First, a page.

Contracts of employment can be constructed in various ways, express or implied. Contractual terms may therefore be:
  • Express i.e. by oral or written agreement or
  • Implied.i.e through custom and practice within a particular employment or where a particular term has been built in to employment relationships as a common characteristic by the Employment Tribunals or other Courts.

An express term will normally prevail over an implied term where there is any conflict with the content of that term of employment. If employers have complied with their obligation to provide a Written Statement of the Main Terms and Conditions of employment, these will certainly form express contractual terms.

In the absence of express terms, the courts have made many decisions to decide if it is possible to imply a particular term into Contracts of Employment.

Examples of implied terms are:

  • Obvious terms which the parties must have intended to be part of the contract
  • Implied terms necessary to give the contract business efficacy. These should be no wider than is necessary to give the contract this effect
  • Terms implied by the conduct of the parties, either at the time of the agreement or during the conduct of the contract
  • Terms implied by custom in that trade, industry or particular area
  • Terms implied by virtue of the custom and practice within that particular employment
  • Rights of employees set down by statute.

The most important statutory rights of this nature relate to:

  • Written Statement of Main Terms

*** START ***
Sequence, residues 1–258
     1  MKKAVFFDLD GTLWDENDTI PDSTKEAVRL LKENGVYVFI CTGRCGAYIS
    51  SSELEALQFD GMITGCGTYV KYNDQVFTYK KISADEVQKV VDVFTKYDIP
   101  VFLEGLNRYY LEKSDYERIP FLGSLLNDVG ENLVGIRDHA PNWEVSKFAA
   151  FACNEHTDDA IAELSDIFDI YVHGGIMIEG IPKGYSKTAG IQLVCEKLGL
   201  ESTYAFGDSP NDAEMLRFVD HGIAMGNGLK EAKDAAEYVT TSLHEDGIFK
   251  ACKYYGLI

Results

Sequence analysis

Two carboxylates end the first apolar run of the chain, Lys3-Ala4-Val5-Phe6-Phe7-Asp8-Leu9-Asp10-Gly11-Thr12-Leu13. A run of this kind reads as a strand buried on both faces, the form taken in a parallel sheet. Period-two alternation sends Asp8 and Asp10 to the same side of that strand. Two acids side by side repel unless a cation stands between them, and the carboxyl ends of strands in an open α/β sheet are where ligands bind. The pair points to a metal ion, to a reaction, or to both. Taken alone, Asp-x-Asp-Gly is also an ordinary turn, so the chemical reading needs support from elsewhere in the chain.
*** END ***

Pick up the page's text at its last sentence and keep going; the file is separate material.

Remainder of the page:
• The right not to be discriminated against
  • Equal pay
  • National Minimum Wage
  • The right to not suffer unlawful deduction from wages
  • Guarantee payments
  • Itemised pay statements
  • Statutory sick pay
  • The rights of parents and carers
  • Payments during medical suspension
  • The right to a safe place of work, breaks and rest periods
  • The right to paid annual leave
  • The right to various types of time off
  • Rights in relation to Trade Union membership and activities
  • The right to be accompanied at disciplinary or grievance hearings
  • Continuity of employment in a Transfer of Undertaking
  • Rights to minimum period of notice
  • Redundancy rights
  • Unfair dismissal rights
  • Rights to a written statement of reasons for dismissal

In relation to the contractual terms that are implied by common law as a general characteristic of the employment relationship, the most important implied duties in this area in relation to the obligations of employees are:

  • Service
  • Competence
  • Due diligence and care
  • Fidelity
  • Confidentiality
  • Notice (on the part of the employee)

Contractual terms implied by common law in relation to the obligations of the employer are:

  • Payment of agreed wages
  • Provision of work in certain circumstances
  • Care for the health and safety of employees
  • Provision of a grievance procedure
  • Reasonableness
  • Mutual trust and confidence
  • Indemnity for costs incurred
  • References
  • Notice (on the part of the employer)

Contractual Information Guide


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